LONDON (REUTERS) – The transmissibility advantage of the B16172 variant first identified in India might be a little lower than first feared, a leading British epidemiologist said on Wednesday (May 19), but vaccines might be less effective at limiting its spread.
Prime Minister Boris Johnson on Friday warned that the emergence of the variant might derail his plans to lift England’s lockdown fully on June 21.
Mr Johnson said that if the variant was only marginally more transmissible than the dominant Kent variant, then easing could continue as planned, but a significant transmissibility advantage might force him to reconsider the plans.
“There’s… a glimmer of hope from the recent data that, whilst this variant does still appear to have a significant growth advantage, the magnitude of that advantage seems to have dropped a little bit with the most recent data,” Dr Neil Ferguson, an epidemiologist at Imperial College London, told BBC radio.
Dr Ferguson, who is a member of the government’s Scientific Advisory Group for Emergencies, said that it was tricky to immediately determine by how much the B16172 outcompetes the Kent variant, and more data was needed.
He said the initial rapid growth of B16172 had been among people who had travelled and who had a higher chance of living in multi-generational households or in deprived areas, and the speedy transmission might not be replicated in other settings.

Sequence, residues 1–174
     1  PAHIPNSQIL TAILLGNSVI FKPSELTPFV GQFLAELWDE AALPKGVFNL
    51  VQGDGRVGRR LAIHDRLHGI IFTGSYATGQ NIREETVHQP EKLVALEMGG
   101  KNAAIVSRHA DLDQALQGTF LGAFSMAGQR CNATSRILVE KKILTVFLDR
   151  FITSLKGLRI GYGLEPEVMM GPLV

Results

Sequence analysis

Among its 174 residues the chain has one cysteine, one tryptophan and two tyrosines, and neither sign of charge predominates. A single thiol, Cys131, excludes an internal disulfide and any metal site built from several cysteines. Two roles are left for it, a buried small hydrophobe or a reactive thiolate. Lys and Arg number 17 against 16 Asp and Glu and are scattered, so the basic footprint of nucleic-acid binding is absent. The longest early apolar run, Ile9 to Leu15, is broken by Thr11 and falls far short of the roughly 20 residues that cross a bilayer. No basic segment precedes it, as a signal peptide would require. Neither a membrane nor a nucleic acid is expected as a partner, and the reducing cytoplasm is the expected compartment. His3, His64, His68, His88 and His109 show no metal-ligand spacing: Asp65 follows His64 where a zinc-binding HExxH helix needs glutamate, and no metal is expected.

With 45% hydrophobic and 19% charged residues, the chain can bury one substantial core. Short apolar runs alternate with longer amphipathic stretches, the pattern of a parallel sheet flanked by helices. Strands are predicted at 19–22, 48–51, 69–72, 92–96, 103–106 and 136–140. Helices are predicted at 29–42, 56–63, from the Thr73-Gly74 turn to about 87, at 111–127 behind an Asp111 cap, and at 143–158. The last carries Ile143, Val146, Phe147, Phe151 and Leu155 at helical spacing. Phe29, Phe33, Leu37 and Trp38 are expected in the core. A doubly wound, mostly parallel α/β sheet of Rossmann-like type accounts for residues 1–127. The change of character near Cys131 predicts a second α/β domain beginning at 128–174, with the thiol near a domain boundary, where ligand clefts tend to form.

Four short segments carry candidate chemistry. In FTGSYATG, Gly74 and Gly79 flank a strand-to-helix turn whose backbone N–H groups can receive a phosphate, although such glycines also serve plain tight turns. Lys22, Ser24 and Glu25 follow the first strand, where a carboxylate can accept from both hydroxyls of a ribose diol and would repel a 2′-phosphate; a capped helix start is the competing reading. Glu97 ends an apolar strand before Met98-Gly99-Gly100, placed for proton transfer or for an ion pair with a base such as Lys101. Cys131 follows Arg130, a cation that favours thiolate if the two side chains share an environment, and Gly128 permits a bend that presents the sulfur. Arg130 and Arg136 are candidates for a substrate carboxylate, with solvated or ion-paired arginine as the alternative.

Dr Graham Medley, also a member of SAGE and a professor of disease modelling at the London School of Hygiene and Tropical Medicine, said that while the variant was growing quickly in some places, “we haven’t yet seen it take off and grow rapidly everywhere else”.
“One of the key things we’ll be looking for in the coming weeks will be: how far does it spread outside of those areas,” he told Reuters.
Dr Ferguson added that though there was a “good deal of confidence” that vaccines will protect against severe disease from the variant, B16172 might be able to spread more easily among vaccinated people.
“There’s some hints in the data there’s reduced vaccine efficacy against infection, against transmission,” he said.
“But we really have to wait as more data is gathered to be definitive about that.”